Retired Military Leaders Urge President to Stand Strong In His Commitment to Close Guantanamo Detention Facility
(Washington, DC January 21, 2010) Nearly three-dozen retired Flag and General officers today urged President Obama to stand strong in his commitment to closing the U.S. detention facility at Guatanamo Bay, noting that the goal he established one year ago tomorrow must not be derailed by fearmongering because it continues to be a national security imperative. Among those signing the today's letter are members of the group of retired military leaders who stood with President Obama in the Oval Office as he signed Executive Orders to end torture and CIA secret prisons, and announce his intention to close the Guantanamo Bay prison facility.
"As the original deadline you set for closing the facility approaches, we write to reiterate our support for this important national security imperative," wrote the retired military leaders. "We are deeply concerned by the hysteria permeating the public debate around these issues. Opponents of your plan to close Guantanamo are using the attempted bombing of Northwest Airlines Flight 253 as an excuse to renew their calls to keep the Guantanamo prison facility open and to oppose bringing terrorist suspects to justice in federal courts. We are especially troubled to hear some advocating that we return to the use of torture against such suspects in hopes of garnering useful intelligence. These strategies are self-defeating."
Those signing today's letter are members of a group of retired Admirals and Generals formed over concerns about the treatment of enemy prisoners in U.S. custody after learning of the abuses at Abu Ghraib and Guantanamo. The group was formed out of a shared sense of responsibility to ensure that our Nation's interrogation and detention policies comply with the Geneva Conventions and reflect our laws, values and security interests. Collectively, members of the group have served in every war the United States has waged since 1941, against every kind of enemy.
"We know from experience that torture does not produce reliable intelligence, and acting on information derived through such abuse is dangerous, to our troops, and to our Nation," the group noted in their letter to President Obama. "We welcomed your decision to set January 22, 2010 as a deadline for closing Guantanamo, and we appreciate the progress you have made toward that end. While it is clear that Guantanamo will remain in operation beyond this deadline, your actions are bringing us closer to the day when we can deprive the enemy of this very effective recruiting tool. You made clear by taking action on these issues in your first days in office that ending torture and closing Guantanamo were among your highest priorities. They must remain so, until the job is done."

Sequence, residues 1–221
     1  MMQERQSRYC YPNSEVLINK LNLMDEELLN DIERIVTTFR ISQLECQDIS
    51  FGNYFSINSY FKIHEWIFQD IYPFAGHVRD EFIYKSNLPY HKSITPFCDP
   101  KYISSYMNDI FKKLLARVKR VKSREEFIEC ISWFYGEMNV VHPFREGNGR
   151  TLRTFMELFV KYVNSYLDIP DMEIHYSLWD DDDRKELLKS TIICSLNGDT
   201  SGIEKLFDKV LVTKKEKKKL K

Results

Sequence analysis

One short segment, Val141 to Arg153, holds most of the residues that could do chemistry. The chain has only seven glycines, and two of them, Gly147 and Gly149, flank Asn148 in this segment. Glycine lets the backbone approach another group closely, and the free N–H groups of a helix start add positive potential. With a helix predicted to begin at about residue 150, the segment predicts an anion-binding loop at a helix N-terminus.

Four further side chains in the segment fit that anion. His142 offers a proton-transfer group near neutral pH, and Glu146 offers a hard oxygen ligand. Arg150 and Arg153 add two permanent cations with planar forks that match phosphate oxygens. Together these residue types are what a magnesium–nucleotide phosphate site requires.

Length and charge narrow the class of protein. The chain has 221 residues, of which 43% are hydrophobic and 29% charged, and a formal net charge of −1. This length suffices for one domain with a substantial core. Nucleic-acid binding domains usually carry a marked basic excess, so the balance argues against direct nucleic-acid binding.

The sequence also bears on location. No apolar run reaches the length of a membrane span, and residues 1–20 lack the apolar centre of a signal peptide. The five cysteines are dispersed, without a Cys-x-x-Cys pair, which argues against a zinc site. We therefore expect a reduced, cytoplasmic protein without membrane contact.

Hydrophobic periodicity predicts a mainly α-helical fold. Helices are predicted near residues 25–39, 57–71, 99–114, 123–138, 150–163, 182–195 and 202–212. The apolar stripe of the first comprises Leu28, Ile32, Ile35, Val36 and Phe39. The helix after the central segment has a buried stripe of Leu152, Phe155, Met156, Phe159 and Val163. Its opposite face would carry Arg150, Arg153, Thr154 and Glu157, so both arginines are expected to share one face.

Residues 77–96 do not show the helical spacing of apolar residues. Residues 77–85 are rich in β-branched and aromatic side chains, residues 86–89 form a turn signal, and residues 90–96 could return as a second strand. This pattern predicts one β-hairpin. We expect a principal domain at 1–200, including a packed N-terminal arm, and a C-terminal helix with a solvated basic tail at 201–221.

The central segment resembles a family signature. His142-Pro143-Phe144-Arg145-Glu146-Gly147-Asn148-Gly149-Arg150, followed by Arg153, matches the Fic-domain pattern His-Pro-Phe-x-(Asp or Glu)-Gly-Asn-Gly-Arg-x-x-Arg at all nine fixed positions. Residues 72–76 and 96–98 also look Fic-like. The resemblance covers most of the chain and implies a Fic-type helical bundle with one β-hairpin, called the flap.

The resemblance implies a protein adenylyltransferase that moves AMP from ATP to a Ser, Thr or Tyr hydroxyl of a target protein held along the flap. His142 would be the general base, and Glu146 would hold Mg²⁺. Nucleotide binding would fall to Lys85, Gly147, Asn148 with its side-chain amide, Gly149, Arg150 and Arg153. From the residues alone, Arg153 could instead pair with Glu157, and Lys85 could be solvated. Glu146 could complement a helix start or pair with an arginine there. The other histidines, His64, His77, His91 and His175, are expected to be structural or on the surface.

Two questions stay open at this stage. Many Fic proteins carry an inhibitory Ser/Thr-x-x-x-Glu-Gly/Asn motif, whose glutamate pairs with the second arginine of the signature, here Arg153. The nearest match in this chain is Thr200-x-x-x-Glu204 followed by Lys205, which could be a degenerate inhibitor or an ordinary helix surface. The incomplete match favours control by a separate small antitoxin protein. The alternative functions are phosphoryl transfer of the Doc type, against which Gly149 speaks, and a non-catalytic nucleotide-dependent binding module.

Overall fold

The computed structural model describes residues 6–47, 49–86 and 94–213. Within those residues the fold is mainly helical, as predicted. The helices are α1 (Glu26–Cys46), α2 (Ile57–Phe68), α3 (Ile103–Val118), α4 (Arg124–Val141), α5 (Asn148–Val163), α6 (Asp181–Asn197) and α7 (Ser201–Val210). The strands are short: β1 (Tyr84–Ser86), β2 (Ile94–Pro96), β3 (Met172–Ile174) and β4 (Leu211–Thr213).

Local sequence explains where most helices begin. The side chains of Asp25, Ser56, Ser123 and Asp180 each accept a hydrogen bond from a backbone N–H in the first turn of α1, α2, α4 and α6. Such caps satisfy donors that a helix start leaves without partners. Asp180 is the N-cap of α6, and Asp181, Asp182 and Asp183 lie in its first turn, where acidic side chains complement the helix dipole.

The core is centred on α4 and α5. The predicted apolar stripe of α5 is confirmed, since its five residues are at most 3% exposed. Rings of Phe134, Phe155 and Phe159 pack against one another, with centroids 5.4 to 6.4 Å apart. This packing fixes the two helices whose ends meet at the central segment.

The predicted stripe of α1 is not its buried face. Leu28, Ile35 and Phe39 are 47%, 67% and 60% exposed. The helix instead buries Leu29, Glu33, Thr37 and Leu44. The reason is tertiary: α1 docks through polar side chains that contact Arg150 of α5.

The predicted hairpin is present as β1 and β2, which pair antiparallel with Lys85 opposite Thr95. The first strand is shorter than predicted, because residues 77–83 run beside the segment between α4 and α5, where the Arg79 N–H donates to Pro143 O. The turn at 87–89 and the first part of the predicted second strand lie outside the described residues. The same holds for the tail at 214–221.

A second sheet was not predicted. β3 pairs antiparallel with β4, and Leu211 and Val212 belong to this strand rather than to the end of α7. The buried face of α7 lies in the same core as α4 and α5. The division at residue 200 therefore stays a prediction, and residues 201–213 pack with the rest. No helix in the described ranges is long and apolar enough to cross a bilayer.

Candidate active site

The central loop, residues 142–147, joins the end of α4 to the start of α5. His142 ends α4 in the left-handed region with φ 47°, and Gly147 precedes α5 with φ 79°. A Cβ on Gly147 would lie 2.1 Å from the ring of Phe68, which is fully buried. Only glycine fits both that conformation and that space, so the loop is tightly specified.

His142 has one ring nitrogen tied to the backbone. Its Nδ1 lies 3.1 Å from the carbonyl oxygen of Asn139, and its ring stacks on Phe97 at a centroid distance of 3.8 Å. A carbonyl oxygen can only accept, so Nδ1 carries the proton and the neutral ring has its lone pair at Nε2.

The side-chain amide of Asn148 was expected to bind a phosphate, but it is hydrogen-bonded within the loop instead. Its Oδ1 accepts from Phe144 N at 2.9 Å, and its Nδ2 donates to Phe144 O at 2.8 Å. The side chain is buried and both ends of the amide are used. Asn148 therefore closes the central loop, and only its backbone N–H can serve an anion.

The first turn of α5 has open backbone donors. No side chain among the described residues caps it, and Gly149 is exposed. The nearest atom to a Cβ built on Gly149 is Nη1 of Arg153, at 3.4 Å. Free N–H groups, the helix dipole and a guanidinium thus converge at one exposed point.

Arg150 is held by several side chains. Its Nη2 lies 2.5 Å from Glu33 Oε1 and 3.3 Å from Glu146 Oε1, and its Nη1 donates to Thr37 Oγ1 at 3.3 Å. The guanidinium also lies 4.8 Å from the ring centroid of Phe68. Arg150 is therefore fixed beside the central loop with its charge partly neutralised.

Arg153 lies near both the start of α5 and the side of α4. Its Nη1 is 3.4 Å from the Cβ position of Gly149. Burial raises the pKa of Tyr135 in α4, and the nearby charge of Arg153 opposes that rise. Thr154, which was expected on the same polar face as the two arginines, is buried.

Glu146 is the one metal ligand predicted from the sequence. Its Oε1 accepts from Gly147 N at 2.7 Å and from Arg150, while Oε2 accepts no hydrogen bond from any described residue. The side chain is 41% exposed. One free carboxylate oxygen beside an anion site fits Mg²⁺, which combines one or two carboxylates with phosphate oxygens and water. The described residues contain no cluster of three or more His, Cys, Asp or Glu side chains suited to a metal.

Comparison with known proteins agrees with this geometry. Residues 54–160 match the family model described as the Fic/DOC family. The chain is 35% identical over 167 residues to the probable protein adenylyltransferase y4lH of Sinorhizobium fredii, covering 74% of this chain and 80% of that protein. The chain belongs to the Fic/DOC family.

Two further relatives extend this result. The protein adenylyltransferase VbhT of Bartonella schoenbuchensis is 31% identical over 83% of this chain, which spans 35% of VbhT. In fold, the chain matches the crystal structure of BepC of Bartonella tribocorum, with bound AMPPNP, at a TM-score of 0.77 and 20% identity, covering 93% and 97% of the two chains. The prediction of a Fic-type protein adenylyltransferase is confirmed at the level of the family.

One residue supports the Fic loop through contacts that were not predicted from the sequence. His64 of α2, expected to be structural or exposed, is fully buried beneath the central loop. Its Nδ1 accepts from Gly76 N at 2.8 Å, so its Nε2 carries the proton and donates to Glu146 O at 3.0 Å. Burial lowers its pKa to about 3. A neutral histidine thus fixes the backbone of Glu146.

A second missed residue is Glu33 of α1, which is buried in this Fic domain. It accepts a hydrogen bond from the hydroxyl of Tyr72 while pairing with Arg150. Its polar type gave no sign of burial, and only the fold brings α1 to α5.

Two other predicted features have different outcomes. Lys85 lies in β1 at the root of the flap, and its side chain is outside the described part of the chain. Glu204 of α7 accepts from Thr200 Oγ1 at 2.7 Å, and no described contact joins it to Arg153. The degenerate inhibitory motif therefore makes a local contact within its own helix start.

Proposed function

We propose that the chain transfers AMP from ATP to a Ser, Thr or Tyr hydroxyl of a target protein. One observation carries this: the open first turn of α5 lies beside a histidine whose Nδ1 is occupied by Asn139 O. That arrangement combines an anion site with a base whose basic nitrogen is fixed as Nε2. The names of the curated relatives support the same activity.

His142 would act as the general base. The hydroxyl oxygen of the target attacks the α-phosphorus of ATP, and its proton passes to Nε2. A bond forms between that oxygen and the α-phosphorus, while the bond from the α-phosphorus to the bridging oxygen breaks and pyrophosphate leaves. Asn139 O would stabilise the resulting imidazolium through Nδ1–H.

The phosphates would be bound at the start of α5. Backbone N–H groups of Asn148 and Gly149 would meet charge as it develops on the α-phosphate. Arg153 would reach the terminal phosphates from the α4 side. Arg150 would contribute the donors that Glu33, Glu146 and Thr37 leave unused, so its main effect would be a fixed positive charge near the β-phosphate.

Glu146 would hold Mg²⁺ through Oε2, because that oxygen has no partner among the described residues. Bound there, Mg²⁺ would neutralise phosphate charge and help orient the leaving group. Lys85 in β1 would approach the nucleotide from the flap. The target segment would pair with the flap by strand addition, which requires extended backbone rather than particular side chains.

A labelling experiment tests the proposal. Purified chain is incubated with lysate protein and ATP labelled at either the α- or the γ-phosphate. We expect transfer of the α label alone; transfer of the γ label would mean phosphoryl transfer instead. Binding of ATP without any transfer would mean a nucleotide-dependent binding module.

In their letter today, the retired military leaders urged President Obama to see past the fearmongering that has muddied the nation's debate about national security in recent months, including the suggestion that suspects like Umar Farouk Abdulmuttallab did not deserve the protection provided in the United States' federal courts and should instead be subject to military tribunals.
"Abdulmutallab and his ilk should be treated as the would-be mass murderers they are. To bestow on him and others like him the designation of "enemy combatant" reinforces their claims to be jihadist warriors. They are not warriors. There is neither nobility nor ideological justification in murdering innocent civilians. These critics also claim that a trial in federal court will provide a platform for these terrorists to spread their message of hate. On the contrary, we are confident that these trials will showcase America at its best, a nation of laws. In the war of ideals, we can only lose if we forfeit ours," the letter stated.
Those signing today's letter are members of a group of retired Admirals and Generals who have spent years working with candidates, elected officials, and policymakers to strengthen national security. The group's primary priorities include closing the U.S. detention facility at Guantanamo Bay, ending the use of torture, and driving the number of detainees help without charge down to zero.
Their letter to President Obama concluded, "These are difficult and momentous issues that will define our Nation for decades to come. We stand ready to support you as you work to close the Guantanamo prison facility and bring terrorist suspects to justice. Doing so will make Americans more secure on the battlefield, in the skies and on our own soil."
For more information about these military leaders, visit Human Rights First's website about their work.
Read the letter.